Here's a new one for your reading pleasure. Interesting history. Minchul and I went in trying to escape the expected loss minimization paradigm. We came out realizing that we hadn't escaped, but simultaneously, that not all loss functions are created equal. In particular, there's a direct and natural connection between our stochastic error divergence (SED) and absolute-error loss, elevating the status of absolute-error loss in our minds and perhaps now making it our default benchmark of choice. Put differently, "quadratic loss is for squares." (Thanks to Roger Koenker for the cute mantra.)
Diebold, F.X. and Shin, M. (2014), "Assessing Point Forecast Accuracy by Stochastic Divergence from Zero," PIER Working Paper 14-011, Department of Economics, University of Pennsylvania.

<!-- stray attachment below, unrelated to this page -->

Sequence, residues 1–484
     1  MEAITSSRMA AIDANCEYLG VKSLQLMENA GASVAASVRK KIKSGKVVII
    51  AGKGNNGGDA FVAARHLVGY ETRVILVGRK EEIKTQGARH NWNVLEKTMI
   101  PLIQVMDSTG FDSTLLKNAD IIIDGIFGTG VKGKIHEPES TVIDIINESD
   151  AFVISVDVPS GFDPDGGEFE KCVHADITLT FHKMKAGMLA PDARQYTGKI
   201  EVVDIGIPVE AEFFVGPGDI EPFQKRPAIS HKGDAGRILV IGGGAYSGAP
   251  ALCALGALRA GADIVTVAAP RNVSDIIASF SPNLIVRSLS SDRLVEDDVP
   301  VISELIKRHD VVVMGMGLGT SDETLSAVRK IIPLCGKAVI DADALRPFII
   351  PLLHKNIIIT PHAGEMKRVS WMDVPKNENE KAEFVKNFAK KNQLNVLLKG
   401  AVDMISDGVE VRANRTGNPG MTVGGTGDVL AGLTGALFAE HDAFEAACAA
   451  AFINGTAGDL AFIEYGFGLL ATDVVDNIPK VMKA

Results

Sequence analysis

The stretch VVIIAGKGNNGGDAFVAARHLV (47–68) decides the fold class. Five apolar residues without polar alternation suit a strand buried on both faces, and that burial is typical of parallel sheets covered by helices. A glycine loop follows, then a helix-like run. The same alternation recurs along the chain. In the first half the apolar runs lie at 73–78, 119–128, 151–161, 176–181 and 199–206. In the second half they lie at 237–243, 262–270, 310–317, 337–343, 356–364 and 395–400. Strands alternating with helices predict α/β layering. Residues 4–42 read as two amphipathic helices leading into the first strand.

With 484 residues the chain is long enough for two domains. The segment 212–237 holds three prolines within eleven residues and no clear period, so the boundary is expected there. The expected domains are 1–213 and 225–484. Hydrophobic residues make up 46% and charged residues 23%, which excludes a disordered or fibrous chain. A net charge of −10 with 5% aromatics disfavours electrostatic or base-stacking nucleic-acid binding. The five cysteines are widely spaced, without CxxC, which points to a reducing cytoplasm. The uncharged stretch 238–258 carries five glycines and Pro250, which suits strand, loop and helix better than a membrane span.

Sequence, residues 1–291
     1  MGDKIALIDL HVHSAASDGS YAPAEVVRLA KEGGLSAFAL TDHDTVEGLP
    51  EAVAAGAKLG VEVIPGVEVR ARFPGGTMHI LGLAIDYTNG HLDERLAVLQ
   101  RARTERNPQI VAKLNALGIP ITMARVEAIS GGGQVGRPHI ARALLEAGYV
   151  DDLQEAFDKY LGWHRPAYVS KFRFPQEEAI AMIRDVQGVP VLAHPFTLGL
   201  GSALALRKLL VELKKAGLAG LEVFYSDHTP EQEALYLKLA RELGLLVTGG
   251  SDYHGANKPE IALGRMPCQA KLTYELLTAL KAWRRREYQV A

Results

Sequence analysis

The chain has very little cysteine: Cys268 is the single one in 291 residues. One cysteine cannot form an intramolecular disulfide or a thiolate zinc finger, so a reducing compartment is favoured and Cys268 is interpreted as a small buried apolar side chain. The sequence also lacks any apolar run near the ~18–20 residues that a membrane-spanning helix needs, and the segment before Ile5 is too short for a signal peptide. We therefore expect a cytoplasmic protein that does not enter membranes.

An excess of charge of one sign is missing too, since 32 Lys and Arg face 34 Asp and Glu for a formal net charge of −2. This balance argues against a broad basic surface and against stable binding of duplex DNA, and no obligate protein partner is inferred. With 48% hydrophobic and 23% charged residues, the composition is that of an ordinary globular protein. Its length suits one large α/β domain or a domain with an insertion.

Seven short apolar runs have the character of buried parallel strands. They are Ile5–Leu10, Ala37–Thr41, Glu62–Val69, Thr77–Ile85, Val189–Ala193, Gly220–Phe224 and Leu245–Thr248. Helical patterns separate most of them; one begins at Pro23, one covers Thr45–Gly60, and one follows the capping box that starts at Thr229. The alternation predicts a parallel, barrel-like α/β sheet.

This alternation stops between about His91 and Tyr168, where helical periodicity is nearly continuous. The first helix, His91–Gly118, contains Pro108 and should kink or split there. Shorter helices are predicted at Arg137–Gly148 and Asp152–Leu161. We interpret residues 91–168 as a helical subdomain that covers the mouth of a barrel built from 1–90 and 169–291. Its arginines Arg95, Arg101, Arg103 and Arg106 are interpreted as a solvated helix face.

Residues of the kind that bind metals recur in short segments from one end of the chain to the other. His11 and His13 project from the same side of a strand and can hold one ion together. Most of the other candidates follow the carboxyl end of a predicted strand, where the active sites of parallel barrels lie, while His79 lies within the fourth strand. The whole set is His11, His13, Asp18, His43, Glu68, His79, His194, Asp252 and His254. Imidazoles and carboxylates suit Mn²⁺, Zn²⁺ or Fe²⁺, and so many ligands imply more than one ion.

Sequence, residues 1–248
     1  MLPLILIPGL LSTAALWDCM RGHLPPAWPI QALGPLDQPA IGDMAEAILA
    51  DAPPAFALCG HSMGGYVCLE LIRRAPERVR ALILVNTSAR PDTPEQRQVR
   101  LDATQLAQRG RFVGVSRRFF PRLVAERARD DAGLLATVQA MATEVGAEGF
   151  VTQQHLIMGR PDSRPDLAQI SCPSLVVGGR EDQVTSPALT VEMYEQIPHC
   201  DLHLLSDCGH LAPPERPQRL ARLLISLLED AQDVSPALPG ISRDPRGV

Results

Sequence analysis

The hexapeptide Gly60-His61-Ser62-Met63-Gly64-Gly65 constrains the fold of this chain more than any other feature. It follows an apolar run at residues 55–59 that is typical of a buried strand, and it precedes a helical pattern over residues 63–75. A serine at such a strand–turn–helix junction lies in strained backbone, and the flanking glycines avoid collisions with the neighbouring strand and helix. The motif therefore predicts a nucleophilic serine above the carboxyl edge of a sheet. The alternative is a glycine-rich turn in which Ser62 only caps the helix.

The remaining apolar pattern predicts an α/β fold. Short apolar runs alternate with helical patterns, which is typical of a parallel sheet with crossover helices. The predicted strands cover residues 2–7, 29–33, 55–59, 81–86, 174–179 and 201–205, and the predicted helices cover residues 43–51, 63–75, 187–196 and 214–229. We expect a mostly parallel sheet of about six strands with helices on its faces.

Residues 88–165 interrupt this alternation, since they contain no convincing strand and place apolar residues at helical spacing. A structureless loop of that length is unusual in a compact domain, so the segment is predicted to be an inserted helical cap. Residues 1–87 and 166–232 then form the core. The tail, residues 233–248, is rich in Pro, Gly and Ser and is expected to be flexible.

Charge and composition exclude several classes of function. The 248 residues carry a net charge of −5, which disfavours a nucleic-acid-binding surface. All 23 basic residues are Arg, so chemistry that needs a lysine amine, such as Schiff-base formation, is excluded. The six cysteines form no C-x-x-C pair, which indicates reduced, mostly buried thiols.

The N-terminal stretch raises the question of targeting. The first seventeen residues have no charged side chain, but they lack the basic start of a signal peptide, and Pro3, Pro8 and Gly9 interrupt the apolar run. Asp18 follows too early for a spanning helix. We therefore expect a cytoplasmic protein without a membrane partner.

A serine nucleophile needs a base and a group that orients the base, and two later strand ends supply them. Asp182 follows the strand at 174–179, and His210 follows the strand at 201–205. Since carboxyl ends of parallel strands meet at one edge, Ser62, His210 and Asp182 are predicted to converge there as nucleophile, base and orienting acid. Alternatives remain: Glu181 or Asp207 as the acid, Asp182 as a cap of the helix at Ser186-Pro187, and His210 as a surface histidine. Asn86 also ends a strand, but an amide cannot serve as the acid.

Abstract: We propose point forecast accuracy measures based directly on the divergence of the forecast-error c.d.f. F(e) from the unit step function at 0, and we explore several variations on the basic theme. We also provide a precise characterization of the relationship between our approach of stochastic error divergence (SED) minimization and the conventional approach of expected loss minimization. The results reveal a particularly strong connection between SED and absolute-error loss and generalizations such as the ``check function" loss that underlies quantile regression.